Tomatillos…they are not green tomatoes.

They are related to the nightshade family of tomatoes. That being said they have a wonderful texture and flavor.

Some grocery stores don’t carry them so you may have to make a trip to a local ethnic store.  I’ll do a blog later about the wonderful finds you’ll encounter.

This recipe is from Jean Denham and will be in her next book Black Beans and Corn. Take about 1 pound of tomatillos, 5-6 full garlic cloves, 1/2 an onion, 1/3 cup cilantro (use more if you like the flavor), 1 small jalapeno or serano, 2 Tbl lime juice and 1 can of black beans drained. ‘

Side Note – if you don’t have one, get a good cast iron skillet. This is a must for good searing, outstanding corn bread and just all around good steaks.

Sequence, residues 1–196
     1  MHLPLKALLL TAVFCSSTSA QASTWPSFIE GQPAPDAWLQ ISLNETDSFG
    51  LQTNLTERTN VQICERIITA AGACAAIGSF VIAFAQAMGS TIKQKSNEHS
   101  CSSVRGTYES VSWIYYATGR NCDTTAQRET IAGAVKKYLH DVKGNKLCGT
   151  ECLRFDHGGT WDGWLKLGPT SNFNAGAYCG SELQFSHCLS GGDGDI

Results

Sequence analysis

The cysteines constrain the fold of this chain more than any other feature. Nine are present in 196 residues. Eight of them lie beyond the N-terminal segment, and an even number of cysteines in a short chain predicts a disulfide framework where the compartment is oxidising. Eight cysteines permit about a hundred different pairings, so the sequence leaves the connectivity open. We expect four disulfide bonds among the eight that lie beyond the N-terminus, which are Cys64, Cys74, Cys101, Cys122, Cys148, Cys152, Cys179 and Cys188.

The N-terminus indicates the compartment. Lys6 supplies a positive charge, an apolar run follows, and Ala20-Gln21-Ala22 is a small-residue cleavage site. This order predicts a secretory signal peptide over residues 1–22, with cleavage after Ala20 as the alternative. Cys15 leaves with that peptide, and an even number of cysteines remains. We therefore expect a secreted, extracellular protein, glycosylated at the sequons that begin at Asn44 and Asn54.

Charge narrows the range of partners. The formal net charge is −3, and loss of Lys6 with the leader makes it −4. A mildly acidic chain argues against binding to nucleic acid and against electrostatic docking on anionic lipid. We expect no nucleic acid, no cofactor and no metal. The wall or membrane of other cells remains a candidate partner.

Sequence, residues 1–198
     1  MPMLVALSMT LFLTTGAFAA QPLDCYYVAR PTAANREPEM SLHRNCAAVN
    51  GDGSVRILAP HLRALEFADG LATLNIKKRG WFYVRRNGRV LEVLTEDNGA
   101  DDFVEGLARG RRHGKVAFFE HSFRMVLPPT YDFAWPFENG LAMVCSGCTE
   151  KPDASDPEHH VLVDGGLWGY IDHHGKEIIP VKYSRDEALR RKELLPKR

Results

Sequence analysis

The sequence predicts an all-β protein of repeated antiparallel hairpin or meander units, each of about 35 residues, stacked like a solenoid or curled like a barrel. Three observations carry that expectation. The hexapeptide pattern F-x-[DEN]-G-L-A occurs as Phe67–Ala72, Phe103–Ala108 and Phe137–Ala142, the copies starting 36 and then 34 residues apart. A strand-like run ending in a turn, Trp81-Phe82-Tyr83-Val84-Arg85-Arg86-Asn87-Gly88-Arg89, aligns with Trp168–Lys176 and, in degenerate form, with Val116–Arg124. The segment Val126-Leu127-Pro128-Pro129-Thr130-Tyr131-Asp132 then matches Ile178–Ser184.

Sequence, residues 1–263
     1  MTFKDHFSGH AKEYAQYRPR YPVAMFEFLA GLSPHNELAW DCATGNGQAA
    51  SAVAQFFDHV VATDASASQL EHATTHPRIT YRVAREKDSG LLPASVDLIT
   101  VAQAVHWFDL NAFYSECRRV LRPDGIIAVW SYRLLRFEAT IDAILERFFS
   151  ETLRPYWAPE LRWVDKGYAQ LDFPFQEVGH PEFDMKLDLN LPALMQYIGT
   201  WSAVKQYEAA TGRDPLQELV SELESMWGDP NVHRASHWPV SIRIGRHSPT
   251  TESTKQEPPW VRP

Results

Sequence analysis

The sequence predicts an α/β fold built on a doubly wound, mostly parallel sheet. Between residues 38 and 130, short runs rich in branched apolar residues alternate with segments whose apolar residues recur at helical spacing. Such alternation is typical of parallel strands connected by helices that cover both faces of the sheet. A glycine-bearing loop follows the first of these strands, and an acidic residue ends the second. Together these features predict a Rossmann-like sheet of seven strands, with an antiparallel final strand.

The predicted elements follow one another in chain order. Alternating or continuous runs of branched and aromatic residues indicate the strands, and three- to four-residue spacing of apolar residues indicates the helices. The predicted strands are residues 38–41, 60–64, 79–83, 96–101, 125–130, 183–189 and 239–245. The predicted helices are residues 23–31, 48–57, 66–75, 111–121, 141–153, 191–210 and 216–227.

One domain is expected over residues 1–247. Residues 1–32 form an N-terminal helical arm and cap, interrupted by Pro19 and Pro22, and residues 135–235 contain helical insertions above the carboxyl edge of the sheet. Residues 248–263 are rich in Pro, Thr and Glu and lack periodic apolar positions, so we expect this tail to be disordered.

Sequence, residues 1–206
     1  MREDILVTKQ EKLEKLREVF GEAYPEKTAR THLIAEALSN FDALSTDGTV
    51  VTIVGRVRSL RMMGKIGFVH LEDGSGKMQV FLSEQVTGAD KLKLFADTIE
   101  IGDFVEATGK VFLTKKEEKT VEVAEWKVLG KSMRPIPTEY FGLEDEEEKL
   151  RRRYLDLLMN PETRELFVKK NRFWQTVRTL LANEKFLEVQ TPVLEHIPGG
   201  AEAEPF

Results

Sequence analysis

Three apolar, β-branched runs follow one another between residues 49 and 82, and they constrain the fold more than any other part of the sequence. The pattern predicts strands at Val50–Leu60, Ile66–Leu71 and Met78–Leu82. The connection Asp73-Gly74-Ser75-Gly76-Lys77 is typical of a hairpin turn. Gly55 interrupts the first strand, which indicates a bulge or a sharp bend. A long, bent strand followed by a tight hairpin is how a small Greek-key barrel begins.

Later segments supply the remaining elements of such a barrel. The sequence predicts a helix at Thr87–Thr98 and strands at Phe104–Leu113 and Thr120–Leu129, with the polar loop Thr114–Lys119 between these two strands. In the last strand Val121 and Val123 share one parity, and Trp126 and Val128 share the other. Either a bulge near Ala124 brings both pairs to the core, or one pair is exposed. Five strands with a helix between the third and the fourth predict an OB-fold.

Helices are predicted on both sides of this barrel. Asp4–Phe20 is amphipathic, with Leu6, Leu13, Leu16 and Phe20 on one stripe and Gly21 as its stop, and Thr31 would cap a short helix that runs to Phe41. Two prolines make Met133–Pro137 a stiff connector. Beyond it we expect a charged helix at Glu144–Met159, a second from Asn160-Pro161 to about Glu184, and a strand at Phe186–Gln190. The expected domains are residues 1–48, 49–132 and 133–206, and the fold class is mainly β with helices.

Slice the tomatillos in half, cut your onions in about 1/2 strips and leave the garlic in their husks. Get some nice color.

Remove from the pan and let them cool down a bit so you can easily peel the garlic. Add the tomatillos, onions, garlic, cilantro, lime juice and jalapeno to a food processor and blend.

Now when handling jalapeno’s, (or any hot pepper/chili) let’s cover some ground rules. The oils from these can be very potent! So much so that even scrapping out the seeds can be caustic enough to bring on tears, or make it hard to breathe. So ventilation is important. Not only that but wear a rubber glove on the hand touching peppers. Most think they can just wash their hands when they are done and be fine. This is not the case. As I said the oils in the skin are very caustic and get into you skin (as deep as 3 layers) and simple hand washing won’t remove it. You can touch your eye even a day after and still feel it start to burn.

After you have blended everything, add the drained black beans and mix well. Let this chill at least an hour before serving. I served it with tortilla chips, but fried pita bread would be good too.